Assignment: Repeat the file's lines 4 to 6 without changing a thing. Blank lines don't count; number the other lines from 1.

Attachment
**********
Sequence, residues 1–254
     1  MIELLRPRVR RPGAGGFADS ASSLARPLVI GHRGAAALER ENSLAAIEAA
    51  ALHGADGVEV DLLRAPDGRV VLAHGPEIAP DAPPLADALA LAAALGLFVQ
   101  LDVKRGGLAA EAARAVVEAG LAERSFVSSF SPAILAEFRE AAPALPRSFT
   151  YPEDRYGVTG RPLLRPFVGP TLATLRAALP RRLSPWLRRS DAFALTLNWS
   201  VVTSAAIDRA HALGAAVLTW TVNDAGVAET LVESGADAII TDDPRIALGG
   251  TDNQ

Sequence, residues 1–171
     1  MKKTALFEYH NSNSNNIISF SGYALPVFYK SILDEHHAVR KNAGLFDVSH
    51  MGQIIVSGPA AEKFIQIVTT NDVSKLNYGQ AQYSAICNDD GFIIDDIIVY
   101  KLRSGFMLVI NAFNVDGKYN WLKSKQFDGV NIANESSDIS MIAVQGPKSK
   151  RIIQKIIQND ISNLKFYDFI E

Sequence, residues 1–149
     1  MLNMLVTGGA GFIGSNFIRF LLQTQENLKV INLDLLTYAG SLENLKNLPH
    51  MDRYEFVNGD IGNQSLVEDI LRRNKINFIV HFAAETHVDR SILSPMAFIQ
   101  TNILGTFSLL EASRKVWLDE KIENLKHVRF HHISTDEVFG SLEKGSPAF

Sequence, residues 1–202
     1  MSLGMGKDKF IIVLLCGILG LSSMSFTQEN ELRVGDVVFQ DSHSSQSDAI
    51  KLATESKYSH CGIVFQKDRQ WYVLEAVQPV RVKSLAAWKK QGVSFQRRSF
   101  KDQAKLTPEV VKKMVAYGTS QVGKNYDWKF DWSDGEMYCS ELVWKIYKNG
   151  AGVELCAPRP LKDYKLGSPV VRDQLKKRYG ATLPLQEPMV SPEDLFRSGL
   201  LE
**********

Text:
   101  LDVKRGGLAA EAARAVVEAG LAERSFVSSF SPAILAEFRE AAPALPRSFT
   151  YPEDRYGVTG RPLLRPFVGP TLATLRAALP RRLSPWLRRS DAFALTLNWS
   201  VVTSAAIDRA HALGAAVLTW TVNDAGVAET LVESGADAII TDDPRIALGG